Supply Chain Strategies I: Aligning Strategies; Efficiency and Cost Savings (back to catalog)

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...Inventory generally consists of safety stock and cycle stock. Cycle stock is the inventory that you plan to sell based on demand forecasts, while safety stock provides an additional buffer for excess demand or delayed shipments from your suppliers. Since your forecasted demand was 100 units every week and your safety stock was 2 weeks' supply, assume your total inventory was 100 units of cycle stock plus 200 units of safety stock, or 300 units. When you received an order for 105 units, or 5% higher than forecast, you depleted your entire cycle stock of 100 units to fill that order, and you still had demand for 5 more units. These remaining units are called forecast error, and you shipped the remaining 5 units from your safety stock.

The revised safety stock calculation is as follows:

Initial Safety Stock:200 units
  Forecast Error:- 5 units
Current Safety Stock:195 units
Then for replenishment:
  Replenishment for Forecasted Future Demand:
   (replenish cycle stock to new forecast of 105)
  +105 units
  Replenishment for Safety Stock Adjustment:   
   (to bring safety stock to new level of 210)
  +15 units
Total Replenishment Order:  120 units

From the table above, the replenishment order will be 105 units (for the new forecast) plus 15 more for the safety stock adjustment, for a total of 120. This means that a 5% increase in sales has led to a 20% increase in orders - the Bullwhip Effect! On the flip side of this, if weekly sales dropped from 100 to 95, the effect is exactly the reverse, and the subsequent replenishment order would be more than 5% lower if again safety stocks are recalculated immediately, thus creating the Bullwhip Effect on the downside also. The remedy here is to keep safety stocks steady and let them handle what might be random fluctuations in sales, and not update them unless and until there has really been a significant and persistent change in the sales rate...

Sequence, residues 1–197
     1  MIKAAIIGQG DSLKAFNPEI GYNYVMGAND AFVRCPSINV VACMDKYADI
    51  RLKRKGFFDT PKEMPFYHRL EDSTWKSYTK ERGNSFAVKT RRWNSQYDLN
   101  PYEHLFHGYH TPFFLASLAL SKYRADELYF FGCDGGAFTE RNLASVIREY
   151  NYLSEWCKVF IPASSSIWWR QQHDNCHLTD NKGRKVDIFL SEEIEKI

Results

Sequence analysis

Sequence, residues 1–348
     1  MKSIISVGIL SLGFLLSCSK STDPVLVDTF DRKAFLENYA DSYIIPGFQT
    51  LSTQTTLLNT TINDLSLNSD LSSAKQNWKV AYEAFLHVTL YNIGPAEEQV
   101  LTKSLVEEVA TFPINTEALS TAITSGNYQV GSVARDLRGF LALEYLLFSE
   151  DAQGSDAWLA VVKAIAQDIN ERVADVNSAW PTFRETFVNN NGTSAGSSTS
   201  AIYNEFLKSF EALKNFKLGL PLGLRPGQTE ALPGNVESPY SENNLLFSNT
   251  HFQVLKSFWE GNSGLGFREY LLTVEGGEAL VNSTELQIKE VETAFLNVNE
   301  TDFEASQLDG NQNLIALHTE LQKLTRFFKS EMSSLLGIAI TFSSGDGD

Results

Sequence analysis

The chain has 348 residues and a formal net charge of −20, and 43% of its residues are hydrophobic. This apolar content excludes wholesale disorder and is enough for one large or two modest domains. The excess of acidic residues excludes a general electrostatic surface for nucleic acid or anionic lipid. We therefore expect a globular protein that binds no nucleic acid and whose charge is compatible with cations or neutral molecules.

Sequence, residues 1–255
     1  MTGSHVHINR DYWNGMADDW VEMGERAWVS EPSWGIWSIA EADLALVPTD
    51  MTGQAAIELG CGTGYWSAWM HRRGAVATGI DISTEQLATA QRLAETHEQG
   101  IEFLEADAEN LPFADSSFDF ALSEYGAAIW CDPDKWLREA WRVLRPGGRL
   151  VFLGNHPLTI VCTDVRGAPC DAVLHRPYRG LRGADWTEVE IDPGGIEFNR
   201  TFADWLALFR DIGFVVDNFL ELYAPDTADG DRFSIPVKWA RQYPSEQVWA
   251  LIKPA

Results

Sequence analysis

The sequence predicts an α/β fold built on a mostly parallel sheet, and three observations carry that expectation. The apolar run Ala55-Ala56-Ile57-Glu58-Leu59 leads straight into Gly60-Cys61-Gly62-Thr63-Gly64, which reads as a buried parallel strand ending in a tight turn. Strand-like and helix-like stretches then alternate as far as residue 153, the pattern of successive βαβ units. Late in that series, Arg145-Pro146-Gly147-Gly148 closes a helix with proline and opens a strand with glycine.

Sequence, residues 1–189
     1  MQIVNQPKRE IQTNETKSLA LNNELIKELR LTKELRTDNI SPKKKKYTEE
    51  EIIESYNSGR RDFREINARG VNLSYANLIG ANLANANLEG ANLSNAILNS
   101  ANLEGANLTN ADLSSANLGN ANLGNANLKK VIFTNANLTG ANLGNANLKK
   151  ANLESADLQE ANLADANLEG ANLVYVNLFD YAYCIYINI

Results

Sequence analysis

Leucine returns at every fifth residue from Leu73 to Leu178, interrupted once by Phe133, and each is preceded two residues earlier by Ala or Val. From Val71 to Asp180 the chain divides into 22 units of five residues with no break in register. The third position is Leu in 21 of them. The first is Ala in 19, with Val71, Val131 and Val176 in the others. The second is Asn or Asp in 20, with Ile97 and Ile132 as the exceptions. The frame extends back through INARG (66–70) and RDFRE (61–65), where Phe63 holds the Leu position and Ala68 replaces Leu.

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SCM102 Specifications

Title: Supply Chain Strategies I: Aligning Strategies; Efficiency and Cost Savings

4.4 / 5  (1896 ratings)

Total Reading Time: Approx. 1 - 2 hours (for average readers)

Word Count: Approx. 9,000 words


Certificate: Counts toward Fundamentals of Supply Chain Management

Datasheet:  Download


  1. Introduction to Supply Chain Strategies
  2. Functional vs. Innovative Products
  3. Efficient vs. Responsive Supply Chain Strategies
  4. Aligning Products and Strategies
  5. Product Life Cycle Revisited
  6. Improving Efficient Supply Chains
  7. Beer Game Introduction
  8. Beer Game Simulation
  9. Beer Game Results
  10. Bullwhip Effect: Importance and Causes
  11. Cause 1: Information Distortion
  12. Cause 2: Order Batching
  13. Cause 3: Promotions
  14. Cause 4: Allocation Gaming
  15. Counteracting Information Distortion: Forecasting Problems and the Hockey Stick Effect
  16. Counteracting Information Distortion: Vendor-Managed Inventory (VMI)
  17. Counteracting Information Distortion: Supplier Managed Availability (SMA)
  18. Counteracting Information Distortion: Reducing Lead Times, Reserving Capacity, and Direct Sales
  19. Counteracting Information Distortion: Keeping Safety Stocks Steady
  20. Counteracting Order Batching
  21. Counteracting Promotions
  22. Counteracting Allocation Gaming
  23. Conclusions
  24. Test Your Knowledge
  25. Feedback
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